Because they've seen so little of Rose on the floor this week, Team USA hasn't been able to finalize its preferred core group of eight or nine players, which would then make choosing the final three or four slightly easier.
Wednesday night's five starters (Kyrie Irving, Steph Curry, James Harden, Kenneth Faried and Anthony Davis) are generally regarded as the only five locks for Spain -- even at this late stage -- because of Rose's woes with what he insists is "general soreness" as opposed to knee-specific pain.
That count stretches to only nine if you include two players USAB sources say have emerged as Krzyzewski favorites -- Golden State's Klay Thompson and Brooklyn's Mason Plumlee -- and then presume Rose and DeMarcus Cousins (bruised knee) will be healthy enough to fulfill their planned roles.
"I'm not going to do assumptions," Krzyzewski said of Rose. "I think he's ready. I'm thinking about him playing and being there [in Spain]."
Let's go ahead and take the leap that Rose and Cousins will look sufficiently spry against Puerto Rico to secure their expected places among Coach K's chosen dozen. That would still leave seven players vying for the last three spots, with Colangelo adamant Thursday that no one has yet been ruled out.
Sacramento's Rudy Gay, for starters, is an alumnus of the 2010 World Championship squad and has unexpectedly played ahead of Parsons in each of Team USA's two exhibition games, despite the fact he was only added to the group after Paul George's horrific leg injury suffered Aug. 1 in Las Vegas. DeRozan, meanwhile, has made an undeniable impression in the past two games with his ability to create his own shot, which has likely nudged him past Utah's Gordon Hayward.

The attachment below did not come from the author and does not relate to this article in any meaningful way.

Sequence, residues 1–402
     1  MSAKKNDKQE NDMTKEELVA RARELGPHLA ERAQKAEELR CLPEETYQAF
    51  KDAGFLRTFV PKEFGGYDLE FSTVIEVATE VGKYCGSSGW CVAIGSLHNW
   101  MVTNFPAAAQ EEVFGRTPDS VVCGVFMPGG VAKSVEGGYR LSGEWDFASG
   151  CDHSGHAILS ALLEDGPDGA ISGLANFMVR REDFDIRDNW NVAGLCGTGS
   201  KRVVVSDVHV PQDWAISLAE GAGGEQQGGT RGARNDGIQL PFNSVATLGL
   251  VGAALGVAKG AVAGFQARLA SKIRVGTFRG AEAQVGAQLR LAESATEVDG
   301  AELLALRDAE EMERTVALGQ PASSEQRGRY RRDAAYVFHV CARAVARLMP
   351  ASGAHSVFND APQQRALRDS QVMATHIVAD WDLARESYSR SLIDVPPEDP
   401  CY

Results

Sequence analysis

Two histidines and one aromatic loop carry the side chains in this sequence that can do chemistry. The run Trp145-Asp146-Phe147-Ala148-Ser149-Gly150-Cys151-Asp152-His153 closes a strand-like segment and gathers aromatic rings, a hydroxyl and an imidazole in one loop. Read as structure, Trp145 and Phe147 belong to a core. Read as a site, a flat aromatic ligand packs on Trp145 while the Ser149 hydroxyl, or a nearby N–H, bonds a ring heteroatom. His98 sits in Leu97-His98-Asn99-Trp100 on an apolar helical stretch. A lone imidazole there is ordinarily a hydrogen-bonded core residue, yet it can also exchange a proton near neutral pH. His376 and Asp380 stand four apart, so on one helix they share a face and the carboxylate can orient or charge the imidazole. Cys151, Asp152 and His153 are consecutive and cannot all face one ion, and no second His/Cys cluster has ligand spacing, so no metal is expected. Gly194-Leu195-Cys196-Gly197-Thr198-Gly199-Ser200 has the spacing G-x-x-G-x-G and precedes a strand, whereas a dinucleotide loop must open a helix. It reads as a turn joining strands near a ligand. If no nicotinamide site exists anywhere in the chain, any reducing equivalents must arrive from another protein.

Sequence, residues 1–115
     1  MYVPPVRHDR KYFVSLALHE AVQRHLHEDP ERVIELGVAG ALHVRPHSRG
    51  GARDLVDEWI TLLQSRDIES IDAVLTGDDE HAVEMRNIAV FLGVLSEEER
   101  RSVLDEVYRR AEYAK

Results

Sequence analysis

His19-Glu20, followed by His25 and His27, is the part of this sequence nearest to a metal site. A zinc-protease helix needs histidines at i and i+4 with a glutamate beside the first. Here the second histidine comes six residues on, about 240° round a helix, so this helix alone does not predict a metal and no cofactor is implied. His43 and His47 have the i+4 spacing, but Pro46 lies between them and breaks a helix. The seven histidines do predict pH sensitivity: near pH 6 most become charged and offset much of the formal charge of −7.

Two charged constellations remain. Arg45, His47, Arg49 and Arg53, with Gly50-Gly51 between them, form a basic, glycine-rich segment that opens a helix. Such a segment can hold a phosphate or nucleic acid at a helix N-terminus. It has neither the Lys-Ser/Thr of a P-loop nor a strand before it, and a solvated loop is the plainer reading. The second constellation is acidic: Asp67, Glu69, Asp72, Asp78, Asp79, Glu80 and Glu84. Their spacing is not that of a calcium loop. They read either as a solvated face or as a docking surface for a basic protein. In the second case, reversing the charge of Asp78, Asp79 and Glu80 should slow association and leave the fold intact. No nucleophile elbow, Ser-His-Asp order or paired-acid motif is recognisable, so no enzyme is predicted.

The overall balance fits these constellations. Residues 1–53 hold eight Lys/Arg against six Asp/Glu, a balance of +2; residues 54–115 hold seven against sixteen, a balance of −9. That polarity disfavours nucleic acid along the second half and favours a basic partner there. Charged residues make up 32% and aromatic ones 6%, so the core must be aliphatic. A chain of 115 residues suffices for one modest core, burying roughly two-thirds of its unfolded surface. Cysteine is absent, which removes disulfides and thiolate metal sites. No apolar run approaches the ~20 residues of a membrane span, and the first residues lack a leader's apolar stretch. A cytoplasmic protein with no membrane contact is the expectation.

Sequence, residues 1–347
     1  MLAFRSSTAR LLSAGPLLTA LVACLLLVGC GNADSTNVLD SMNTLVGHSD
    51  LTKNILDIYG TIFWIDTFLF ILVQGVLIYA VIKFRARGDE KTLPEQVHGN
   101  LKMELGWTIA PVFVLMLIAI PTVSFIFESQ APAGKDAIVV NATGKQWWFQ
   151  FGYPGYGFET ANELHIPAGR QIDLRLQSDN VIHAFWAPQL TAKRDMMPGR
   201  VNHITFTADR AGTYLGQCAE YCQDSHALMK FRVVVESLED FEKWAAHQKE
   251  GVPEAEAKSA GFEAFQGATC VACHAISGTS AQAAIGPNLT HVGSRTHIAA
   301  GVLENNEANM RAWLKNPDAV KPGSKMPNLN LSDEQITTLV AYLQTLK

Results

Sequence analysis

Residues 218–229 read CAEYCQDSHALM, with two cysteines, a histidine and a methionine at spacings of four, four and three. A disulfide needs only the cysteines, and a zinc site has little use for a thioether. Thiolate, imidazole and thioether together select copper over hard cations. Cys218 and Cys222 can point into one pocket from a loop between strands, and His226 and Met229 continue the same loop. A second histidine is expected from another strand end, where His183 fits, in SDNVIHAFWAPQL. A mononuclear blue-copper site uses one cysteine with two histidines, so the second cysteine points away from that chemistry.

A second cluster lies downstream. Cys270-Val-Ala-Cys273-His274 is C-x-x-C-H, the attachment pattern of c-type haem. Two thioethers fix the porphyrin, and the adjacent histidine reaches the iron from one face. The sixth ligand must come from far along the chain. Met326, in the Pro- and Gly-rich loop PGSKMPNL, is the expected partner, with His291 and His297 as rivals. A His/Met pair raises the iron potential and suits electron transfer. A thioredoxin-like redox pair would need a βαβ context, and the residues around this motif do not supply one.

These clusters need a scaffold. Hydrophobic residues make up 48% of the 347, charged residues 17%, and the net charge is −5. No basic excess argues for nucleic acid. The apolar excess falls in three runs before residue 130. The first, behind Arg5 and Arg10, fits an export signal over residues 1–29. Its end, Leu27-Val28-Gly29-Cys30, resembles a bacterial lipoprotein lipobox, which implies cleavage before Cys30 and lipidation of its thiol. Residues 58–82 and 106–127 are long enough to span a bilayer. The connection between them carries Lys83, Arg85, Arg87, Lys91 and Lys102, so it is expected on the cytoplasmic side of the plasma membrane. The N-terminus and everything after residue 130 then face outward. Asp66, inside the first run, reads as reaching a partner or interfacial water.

My sense is that both Cousins and Plumlee are still ahead of Drummond, too, but we'll only know for sure Saturday morning ... especially since Cousins did say after the Dominican Republic game that his weakened right leg "tightened up on me towards the end."
The same uncertainty holds for Damian Lillard, with Portland's All-Star point guard on the bubble but also first in line to inherit Rose's minutes if Team USA ultimately concludes that the 2011 MVP isn't quite ready for steady doses of game action after being limited to 10 games with the Bulls over the past two seasons.
For the record: Sources say that, in Team USA staff meetings, deciding how many bigs to carry is the issue that has been generating the most discussion.
Even more, in other words, than Rose's situation.
Coach K, though, was only prepared to confirm that sending players home is indeed "the worst thing" about the USA Basketball experience he has come to cherish since adding this job to his Duke duties in 2005.
"I hate it," Krzyzewski said of letting players go. "I hate it.
"But it's much better than selecting 12 to begin with, having guys get hurt or drop out and then asking someone who hasn't been there, 'Will you come in?' And now [he's] called the 'alternate.'
"None of these guys are alternates. All of these guys are candidates. Worthy candidates. We're going to take 12 worthy candidates and we're not going to take four others who are worthy, too.
"That's the way we've done this for almost a decade. We're gonna keep that mindset."